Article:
Anchor Lisa Mullins speaks with Robert Springborg, Professor of National Security Affairs at the Naval Postgraduate School, about Egypt’s military and its role in the current political crisis. Download MP3
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Lisa Mullins: …at least one aspect of normal life in Egypt is not likely to change regardless of when President Mubarak leaves office, and that is the role of the military.
Robert Springborg: The military has been the backbone of the Egyptian state since 1952.
Mullins: Robert Springborg is a professor of national security affairs at the U.S. Naval Post-Graduate School in Monterey, California.
Springborg: Most Egyptians find it virtually inconceivable to imagine they’re a state without a vital role for the military. So for a transition to move away from military dominance to a situation of civilian political control, the modalities of that and the end state of that are really unimaginable for most Egyptians.
Mullins: Mubarak we know sees himself as a military man, this is key to our understanding of how he governs. But how close is he with the military?
Springborg: His private life and his institutional position are entirely caught up with the military. He lived his whole life in a military compound as do all Egyptian military officers. It’s a world unto itself. And he resents that world view to the rest of us.
Mullins: And how about in terms of official, I mean is he the equivalent of our commander in chief? Does he have an official position with the military?
Springborg: The Egyptian constitution has 35 articles assigning power to the president, more than any other constitution with which I’m familiar. So he’s not just sort of informally in charge of the military, he’s vested constitutionally with a range of powers, including appointment and promotion in the officer corp.
Mullins: So when we hear from generals that they are going to protect the protestors, does that mean that it’s really Mubarak who’s saying that despite what we might think.
Springborg: Yes, it’s Mubarak saying that exactly because he wants to ensure that the reputation of the military remain in tact because were the military had tried to control the protestors it would’ve been very clumsy indeed because they don’t have any crowd control capacity; so they simply have heavy weaponry and 30-caliber machine guns. So, for the military not to have blood on its hands was vital for the continuation of military rule.
Mullins: I think it’s helpful to know just how well the military is treated in Egypt, and really, the member don’t live to shabbily in and around Cairo. Back in 2009 we actually got a good glimpse of this from the BBC’s reporter, Magdi Abdelhadi, who took us then around to see the privileges that members of Egyptian military enjoy.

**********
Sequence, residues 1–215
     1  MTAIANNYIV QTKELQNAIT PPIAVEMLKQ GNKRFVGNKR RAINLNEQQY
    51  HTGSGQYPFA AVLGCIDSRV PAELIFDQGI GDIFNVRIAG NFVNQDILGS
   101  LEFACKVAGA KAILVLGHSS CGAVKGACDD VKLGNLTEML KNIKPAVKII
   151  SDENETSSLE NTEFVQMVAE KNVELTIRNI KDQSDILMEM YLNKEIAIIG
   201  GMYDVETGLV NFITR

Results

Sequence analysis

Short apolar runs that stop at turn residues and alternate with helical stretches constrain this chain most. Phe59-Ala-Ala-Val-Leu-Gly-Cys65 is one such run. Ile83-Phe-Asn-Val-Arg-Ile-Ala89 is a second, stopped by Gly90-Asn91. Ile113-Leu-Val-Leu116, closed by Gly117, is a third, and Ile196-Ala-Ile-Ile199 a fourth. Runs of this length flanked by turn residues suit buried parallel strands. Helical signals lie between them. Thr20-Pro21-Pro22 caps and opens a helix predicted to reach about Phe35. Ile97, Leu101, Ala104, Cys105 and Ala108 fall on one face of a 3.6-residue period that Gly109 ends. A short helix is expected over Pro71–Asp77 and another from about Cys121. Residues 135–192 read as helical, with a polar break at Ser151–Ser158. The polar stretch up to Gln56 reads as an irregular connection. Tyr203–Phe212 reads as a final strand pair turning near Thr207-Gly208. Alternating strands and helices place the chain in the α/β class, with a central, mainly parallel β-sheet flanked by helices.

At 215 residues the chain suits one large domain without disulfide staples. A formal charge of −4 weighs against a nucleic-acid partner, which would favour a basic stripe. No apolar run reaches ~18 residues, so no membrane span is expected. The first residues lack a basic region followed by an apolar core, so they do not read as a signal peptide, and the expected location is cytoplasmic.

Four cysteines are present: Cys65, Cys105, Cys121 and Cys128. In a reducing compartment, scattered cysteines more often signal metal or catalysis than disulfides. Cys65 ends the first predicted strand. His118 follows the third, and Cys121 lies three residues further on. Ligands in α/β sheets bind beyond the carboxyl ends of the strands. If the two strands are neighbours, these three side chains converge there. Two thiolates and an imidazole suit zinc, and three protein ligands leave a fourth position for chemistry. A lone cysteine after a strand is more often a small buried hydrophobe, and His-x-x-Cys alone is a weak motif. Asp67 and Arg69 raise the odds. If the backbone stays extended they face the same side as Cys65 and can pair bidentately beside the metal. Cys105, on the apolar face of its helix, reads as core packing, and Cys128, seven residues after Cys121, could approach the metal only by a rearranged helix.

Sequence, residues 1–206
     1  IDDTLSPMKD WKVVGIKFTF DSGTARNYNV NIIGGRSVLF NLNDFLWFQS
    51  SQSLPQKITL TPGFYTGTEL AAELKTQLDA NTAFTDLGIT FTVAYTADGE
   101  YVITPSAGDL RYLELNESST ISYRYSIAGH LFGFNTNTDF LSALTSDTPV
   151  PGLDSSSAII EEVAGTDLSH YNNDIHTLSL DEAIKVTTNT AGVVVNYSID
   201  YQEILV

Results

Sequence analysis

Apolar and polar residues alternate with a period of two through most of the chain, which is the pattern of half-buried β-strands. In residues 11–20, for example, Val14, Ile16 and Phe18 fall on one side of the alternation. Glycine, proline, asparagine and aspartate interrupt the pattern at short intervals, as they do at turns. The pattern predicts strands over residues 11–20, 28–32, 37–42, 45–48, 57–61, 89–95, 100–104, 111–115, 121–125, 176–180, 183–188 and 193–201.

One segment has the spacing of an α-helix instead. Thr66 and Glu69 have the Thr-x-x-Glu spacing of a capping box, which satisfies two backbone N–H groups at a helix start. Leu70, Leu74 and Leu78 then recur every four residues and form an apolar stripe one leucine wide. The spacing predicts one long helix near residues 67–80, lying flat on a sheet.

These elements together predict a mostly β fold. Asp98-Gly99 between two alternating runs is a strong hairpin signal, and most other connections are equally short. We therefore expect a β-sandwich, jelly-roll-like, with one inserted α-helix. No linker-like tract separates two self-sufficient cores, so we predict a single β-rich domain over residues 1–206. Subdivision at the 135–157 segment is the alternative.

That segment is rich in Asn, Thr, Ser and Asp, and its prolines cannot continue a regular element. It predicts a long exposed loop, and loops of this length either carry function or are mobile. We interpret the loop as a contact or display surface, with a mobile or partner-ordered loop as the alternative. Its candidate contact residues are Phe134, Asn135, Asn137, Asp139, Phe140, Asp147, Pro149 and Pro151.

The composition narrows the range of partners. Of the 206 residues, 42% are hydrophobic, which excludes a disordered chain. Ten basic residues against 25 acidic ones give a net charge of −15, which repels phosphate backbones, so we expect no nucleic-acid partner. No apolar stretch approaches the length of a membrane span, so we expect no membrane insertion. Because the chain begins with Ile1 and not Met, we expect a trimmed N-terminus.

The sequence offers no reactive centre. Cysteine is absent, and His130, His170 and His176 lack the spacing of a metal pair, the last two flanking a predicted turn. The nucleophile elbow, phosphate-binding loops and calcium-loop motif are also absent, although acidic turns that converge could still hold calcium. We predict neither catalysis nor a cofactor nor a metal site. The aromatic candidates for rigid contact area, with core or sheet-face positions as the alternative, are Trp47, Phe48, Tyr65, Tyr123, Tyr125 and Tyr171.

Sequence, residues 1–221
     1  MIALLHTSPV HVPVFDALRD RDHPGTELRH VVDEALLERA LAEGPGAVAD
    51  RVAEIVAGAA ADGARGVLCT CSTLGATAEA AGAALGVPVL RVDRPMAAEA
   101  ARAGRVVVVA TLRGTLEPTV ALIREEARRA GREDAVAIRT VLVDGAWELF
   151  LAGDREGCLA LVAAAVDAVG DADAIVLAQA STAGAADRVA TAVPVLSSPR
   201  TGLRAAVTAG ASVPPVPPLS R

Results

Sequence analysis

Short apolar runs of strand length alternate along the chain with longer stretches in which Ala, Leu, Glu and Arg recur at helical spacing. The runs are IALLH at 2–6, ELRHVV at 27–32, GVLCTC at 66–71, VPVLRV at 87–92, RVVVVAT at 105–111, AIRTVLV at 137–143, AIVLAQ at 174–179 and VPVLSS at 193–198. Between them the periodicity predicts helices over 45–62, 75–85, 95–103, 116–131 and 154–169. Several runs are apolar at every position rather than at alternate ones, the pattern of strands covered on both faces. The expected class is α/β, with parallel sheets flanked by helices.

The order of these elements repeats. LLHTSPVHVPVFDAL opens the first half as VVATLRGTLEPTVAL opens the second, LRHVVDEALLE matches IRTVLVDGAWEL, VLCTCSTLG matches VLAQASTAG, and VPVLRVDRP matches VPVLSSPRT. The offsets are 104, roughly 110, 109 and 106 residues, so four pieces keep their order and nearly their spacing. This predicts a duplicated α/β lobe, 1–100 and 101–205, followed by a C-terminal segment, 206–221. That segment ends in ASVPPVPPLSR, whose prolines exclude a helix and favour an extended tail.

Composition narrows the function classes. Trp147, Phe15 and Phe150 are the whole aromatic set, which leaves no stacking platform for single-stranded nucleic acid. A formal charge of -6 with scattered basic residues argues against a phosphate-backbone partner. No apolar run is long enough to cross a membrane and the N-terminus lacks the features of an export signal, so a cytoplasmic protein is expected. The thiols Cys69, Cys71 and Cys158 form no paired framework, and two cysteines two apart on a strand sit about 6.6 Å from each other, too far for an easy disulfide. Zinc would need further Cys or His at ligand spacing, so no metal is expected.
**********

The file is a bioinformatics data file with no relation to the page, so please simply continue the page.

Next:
Abdelhadi: I’m riding in one of Cairo’s spatital[?2:24] taxis in the obelisk east of the capital. And this area you can clearly see the extent of privileges the military officers enjoy. All the time I’m talking to you we’re driving past one club after the other; and these are clubs for the military officers, complete with restaurants, sports facilities, and even hotels. No other profession in Egypt enjoys the same range of facilities as the military officers.
Mullins: So here’s the question, Professor Springborg, if the military enjoys all those perks and if being a member of the military means having a steady paycheck, having a hand in business enterprises, why would it be that the military would have so much of the sympathies of the public and vice versa?
Springborg: Well, I personally don’t believe the military does have tremendous sympathy with the public. The higher one goes up in the military the more one is enmeshed in these networks, which lead down from Mubarak through the Minister of Defense into the officer corp. And the way in which it’s done is not that serving officers are enmeshed in these military enterprises, it’s the promise of being enmeshed in them that maintains their loyalty until they retire, because a retirement from the Egyptian military is not enough to keep body and soul together. So they’re looked after in precisely the way that Magdi Abdelhadi was describing, but then the lure of a very lucrative life after retirement is what cements the loyalty.
Mullins: So is the appearance that the military is really supporting the public just for show?
Springborg: Just for show.
Mullins: Do you feel as though you have a strong take on what Mubarak’s plans are and how he’s maneuvering this right now?
Springborg: He’s still got his fingers on most of the control levers, and to be honest, he wouldn’t mind having other sympathetic figures pull the levers so long as his interests are protected when he is no longer president. Because the minute he doesn’t have either directly or indirectly his hands on the levers of power, then the power to investigate the resources of the Mubarak plan and the people around them is there. And once that happens it’s not just President Mubarak who has problems, it’s many other people and there are billions of dollars at stake here. So he cannot just happily walk off into exile; he’s got to keep control in Cairo or the game is over.
Mullins: Robert Springborg, professor at the Naval Post-Graduate School in Monterrey, California, talking to us about the Egyptian military’s role and what that role is likely to be as events unfold in Egypt. Thank you.
Springborg: You’re welcome.
Mullins: You can find our coverage of Egypt, including reports from Cairo and interviews with top thinkers on the subject. It’s all at the theworld.org/egypt, a wide variety of stories to checkout there.
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